Another Stereotype of the Month entry:
Published on Monday, May 10, 2004 by the Inter Press Service
Bush Circles Wagons, But Cavalry Has Joined the Indians
by Jim Lobe
WASHINGTON -- In the old Hollywood westerns, the white settlers circle the wagons to defend themselves against attacks by the Indians until the U.S. Cavalry can arrive to rescue them and chase off their assailants. But in Washington over the last few days it seems that the Cavalry has joined the Indians.
U.S. President George W. Bush, backed by his vice president and national security adviser, have been circling the wagons around Defence Secretary Donald Rumsfeld since the White House told reporters that the president had given him a mild rebuke over the prisoner abuse scandal in Iraq.
But the embattled Pentagon chief may have made too made enemies -- particularly within his armed forces -- to be saved.
While Bush praised Rumsfeld for "doing a superb job" during a rare visit to the Pentagon Monday morning, his words were somehow unable to overcome the distinct sounds of knives being sharpened in the hallways just outside, as well as across town on Capitol Hill and at the State Department, where Secretary of State (and former army general) Colin Powell compared the possible impact on U.S. foreign policy of the abuse photographs to the 1969 disclosure of the infamous My Lai Massacre in Vietnam.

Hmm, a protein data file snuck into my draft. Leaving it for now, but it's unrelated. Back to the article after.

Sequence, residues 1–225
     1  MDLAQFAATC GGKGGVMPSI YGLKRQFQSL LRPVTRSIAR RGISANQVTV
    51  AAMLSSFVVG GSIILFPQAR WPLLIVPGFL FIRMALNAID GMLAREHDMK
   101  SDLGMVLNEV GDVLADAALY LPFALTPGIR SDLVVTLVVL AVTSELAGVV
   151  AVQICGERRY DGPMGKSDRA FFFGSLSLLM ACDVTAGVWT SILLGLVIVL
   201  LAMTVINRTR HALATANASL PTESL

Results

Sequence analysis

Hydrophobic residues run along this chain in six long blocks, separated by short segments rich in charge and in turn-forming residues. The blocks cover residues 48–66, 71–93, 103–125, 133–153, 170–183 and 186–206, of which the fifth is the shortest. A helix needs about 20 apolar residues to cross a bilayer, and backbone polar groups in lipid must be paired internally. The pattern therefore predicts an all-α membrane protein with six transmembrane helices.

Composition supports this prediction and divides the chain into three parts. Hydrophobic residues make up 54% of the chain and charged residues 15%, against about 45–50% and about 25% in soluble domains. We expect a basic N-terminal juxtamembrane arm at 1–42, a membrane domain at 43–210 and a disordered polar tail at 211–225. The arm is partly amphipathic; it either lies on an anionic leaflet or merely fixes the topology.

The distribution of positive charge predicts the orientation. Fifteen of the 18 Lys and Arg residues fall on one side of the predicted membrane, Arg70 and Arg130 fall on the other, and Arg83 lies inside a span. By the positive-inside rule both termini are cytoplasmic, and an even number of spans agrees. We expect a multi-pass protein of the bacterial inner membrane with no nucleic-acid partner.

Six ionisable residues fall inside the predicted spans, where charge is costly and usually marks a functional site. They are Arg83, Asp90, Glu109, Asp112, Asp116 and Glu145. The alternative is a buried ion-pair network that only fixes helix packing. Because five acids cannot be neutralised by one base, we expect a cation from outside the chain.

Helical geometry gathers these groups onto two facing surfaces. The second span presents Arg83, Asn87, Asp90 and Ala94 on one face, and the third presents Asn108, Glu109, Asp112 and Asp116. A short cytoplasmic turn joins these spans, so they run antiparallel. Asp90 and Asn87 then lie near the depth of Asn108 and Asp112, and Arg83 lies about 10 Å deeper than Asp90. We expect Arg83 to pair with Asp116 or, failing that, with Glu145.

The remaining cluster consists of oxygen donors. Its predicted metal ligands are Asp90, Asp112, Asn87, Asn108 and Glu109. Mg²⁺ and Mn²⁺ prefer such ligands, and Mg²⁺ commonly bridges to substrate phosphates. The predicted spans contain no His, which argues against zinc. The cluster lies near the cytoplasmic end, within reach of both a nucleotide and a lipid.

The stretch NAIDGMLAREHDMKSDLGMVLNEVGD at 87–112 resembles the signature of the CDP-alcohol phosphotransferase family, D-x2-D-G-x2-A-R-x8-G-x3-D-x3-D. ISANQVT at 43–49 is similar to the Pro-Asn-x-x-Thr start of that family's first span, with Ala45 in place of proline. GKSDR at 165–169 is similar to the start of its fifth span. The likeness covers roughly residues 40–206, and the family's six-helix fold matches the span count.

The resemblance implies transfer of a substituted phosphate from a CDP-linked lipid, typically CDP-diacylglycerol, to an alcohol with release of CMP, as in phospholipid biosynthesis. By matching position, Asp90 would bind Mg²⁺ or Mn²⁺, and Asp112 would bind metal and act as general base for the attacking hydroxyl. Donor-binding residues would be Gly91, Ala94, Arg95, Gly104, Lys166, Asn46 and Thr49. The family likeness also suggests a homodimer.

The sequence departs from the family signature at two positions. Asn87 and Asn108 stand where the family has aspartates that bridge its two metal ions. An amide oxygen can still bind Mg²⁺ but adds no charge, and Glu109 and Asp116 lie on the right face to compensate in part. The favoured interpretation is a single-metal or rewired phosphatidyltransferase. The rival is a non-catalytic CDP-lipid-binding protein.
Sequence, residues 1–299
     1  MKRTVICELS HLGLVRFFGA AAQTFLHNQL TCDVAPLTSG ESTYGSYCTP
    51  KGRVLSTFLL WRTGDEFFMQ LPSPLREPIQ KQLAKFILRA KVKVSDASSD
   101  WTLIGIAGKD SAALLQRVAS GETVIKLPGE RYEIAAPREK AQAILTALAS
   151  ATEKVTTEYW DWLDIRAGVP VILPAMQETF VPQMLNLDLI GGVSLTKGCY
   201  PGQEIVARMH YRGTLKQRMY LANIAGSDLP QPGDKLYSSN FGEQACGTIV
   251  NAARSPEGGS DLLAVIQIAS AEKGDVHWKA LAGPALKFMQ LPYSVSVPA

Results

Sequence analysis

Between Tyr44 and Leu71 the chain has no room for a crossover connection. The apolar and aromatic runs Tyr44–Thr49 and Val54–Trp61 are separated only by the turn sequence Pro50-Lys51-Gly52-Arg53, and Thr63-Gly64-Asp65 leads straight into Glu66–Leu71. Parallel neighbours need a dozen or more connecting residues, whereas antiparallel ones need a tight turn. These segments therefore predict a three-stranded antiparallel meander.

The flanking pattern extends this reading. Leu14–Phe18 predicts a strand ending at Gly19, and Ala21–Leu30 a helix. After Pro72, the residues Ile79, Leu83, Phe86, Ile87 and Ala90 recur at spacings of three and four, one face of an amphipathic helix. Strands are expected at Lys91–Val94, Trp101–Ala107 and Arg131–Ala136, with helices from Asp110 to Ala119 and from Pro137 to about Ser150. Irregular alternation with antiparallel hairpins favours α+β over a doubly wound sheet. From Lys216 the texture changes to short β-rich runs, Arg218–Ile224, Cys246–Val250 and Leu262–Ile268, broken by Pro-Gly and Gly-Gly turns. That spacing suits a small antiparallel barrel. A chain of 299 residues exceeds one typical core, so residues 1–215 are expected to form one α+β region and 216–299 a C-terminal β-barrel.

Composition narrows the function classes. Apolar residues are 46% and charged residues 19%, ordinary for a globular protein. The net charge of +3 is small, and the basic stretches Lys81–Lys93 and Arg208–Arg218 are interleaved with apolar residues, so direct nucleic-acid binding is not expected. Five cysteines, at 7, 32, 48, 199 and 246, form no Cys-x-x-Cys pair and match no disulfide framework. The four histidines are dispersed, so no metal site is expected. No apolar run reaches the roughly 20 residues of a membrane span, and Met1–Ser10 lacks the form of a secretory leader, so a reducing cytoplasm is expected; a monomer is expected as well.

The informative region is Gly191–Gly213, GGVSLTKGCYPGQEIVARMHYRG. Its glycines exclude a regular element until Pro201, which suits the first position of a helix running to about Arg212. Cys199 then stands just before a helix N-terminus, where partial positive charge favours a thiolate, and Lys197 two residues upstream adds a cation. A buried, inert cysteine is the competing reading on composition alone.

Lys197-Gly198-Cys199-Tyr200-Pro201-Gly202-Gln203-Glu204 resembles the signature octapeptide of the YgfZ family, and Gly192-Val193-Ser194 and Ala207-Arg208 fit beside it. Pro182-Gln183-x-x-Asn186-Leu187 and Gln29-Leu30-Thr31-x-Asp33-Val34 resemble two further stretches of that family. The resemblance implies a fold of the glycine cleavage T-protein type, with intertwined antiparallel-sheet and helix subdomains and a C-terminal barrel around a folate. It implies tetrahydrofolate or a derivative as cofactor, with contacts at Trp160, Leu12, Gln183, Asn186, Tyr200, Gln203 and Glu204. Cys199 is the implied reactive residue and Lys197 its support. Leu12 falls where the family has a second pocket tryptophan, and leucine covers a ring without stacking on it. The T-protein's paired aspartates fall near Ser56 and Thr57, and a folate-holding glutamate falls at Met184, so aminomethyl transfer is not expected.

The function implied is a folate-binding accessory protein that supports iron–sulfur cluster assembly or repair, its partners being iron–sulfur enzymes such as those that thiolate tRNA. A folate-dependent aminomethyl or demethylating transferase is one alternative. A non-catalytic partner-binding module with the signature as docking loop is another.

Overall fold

This article's headline theme is the problem here.
For starters, the headline is vague. Who are the "Indians" supposed to be...Bush's critics? And who are the "Cavalry" supposed to be...the military officials who are joining the criticism?
More important, the headline repeats the age-old stereotype of the vicious, marauding Indians. That it couches it in terms of old Westerns doesn't soften the point. The article compares Bush's critics to "enemies" and says they're "sharpening their knives." The subtle implication is that Bush is on the side of goodness and his critics aren't.
Instead of using the "circling the wagons" analogy, how about comparing Bush and gang to Al Capone in his hideout and his critics to the G-Men who captured him. Then the implication changes: Bush's critics are on the side of truth and justice and Bush isn't. (Since that's the actual case, this analogy is much more appropriate.)
The media should never speak of cowboys (or settlers, or Cavalry) vs. Indians in any context (unless it's to criticize the non-Indians). Indians weren't the victimizers in America's history, they were the victims. This analogy obscures that point.
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